Tipton pulls support for natural gas tax breaks
U.S. Rep. Scott Tipton was one of three Colorado congressmen who this week took his name off a bill designed to boost the use of natural gas as a transportation fuel.
The measure, which awaits a hearing before the House Subcommittee on Energy and Power, aims to provide billions of dollars in tax credits to encourage the deployment of more natural-gas powered trucks.
But Tipton, along with U.S. Reps. Cory Gardner and Mike Coffman, were among nine Republicans to pull their names off the bipartisan bill. The measure, introduced by U.S. Rep. John Sullivan, R-Okla., still has 186 other cosponsors, including U.S. Reps. Ed Perlmutter and Diana DeGette, both Colorado Democrats.
That doesn’t mean Tipton opposes the idea, said his spokesman, Josh Green.
“The bill is an important first step to weening ourselves off OPEC oil. The congressman acknowledges that,” Green said. “But once we put our name on the bill, he got a lot of feedback from constituents who asked him to take a closer look at it. He is of the opinion that any comprehensive natural gas legislation needs to include a production component ... expediting the permitting and leasing process. He is looking to kind of solve that problem.”
Green said the congressman plans to introduce his own measure to streamline the leasing of federal lands for natural gas development that would include a tax credit to encourage its use as a transportation fuel.
Sullivan’s bill is a cornerstone to a plan touted by energy billionaire T. Boone Pickens to ease the nation off foreign oil. That plan includes more oil drilling in the nation along with an increased use of alternative energy sources, such as natural gas as a transportation fuel. As a result, it won support from lawmakers on both sides of the aisle.
Colorado Democrats said Tipton’s reason for taking his name off the bill makes no sense.
“Had Representative Tipton checked the bill when it was first introduced — he co-sponsored it one day after it was dropped (in April) — he would have known months ago that there was no direct production part of the bill,” said Matt Inzeo, spokesman for the Colorado Democratic Party. “The bill expands the market for natural gas, and with a larger market comes higher demand. Higher demand for a Colorado resource will spur greater production. That’s the entire idea behind a free-market solution.”
Other critics accuse Tipton and the other Republicans who pulled their names off the bill of kowtowing to conservative groups that are campaigning against it, such as Americans for Prosperity and its chief benefactors, brothers David and Charles Koch, who are major contributors to Republican candidates.
The Koch brothers, whose Koch Industries is deeply involved in oil production, have lobbied against the idea, saying the market should dictate what industries do, and government tax credits unfairly create winners and losers. Meanwhile, the brothers’ company benefits from oil and ethanol tax credits.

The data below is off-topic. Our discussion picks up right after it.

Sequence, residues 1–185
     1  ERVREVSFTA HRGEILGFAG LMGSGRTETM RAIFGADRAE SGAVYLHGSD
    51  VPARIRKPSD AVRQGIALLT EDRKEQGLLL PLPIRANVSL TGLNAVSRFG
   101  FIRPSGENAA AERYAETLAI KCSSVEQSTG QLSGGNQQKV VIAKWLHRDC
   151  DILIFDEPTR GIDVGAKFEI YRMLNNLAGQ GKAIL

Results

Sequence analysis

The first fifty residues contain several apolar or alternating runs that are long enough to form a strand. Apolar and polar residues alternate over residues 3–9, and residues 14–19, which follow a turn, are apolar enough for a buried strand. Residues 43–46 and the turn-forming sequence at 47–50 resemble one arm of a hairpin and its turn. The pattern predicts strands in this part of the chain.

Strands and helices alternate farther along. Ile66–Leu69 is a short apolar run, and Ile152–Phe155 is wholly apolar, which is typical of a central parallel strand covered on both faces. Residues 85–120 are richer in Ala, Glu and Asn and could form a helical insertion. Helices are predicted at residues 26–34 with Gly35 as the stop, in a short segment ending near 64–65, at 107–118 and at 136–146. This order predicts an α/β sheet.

During last year’s race, the Koch Industries Political Action Committee donated $2,500 to Tipton’s campaign, according to fillings with the Federal Elections Commission. It also spent about $5,000 on advertisements opposing the Republican’s 3rd Congressional District opponent, former U.S. Rep. John Salazar, a Democrat.
The committee also gave $12,500 to Gardner last year and spent several thousand dollars on ads in helping that Republican win the 4th Congressional District from incumbent Democrat Betsy Markey. Coffman, a Republican who represents the 6th District, received no direct contributions from the brothers.
But critics who raised those contributions as a possible reason why the Republicans dropped their names from the bill fail to mention that Sullivan, the Oklahoma sponsor of the measure, has received $37,500 from the Kochs over the past decade.
“All three Republican congressmen are abandoning a Colorado industry that generates 137,000 jobs due to pressure from Washington lobbyists and insiders,” said Rick Palacio, chairman of the Colorado Democratic Party. “There will be some awkward meetings back home when congressmen Coffman, Gardner and Tipton have to explain why Colorado jobs aren’t as important as the demands of Washington lobbyists.”
Green said that’s not likely. He said that while some of Tipton’s constituents initially praised him for cosponsoring the measure, many more criticized him for doing so, saying it only adds to federal spending.
Green added that while some on Capitol Hill philosophically oppose using tax credits to boost markets, Tipton isn’t one of them.
“He’s not opposed to tax credits,” Green said. “I anticipate he’ll vote for the bill.”
In a related matter, the U.S. Senate voted 59–40 Wednesday against an amendment to end tax credits for ethanol development. Colorado Sens. Michael Bennet and Mark Udall voted against the amendment. A similar amendment is expected to come up for a vote in the House soon.
Green said Tipton, chairman of the House Small Business Subcommittee on Agriculture, Energy and Trade, believes the amendment “warrants careful consideration.”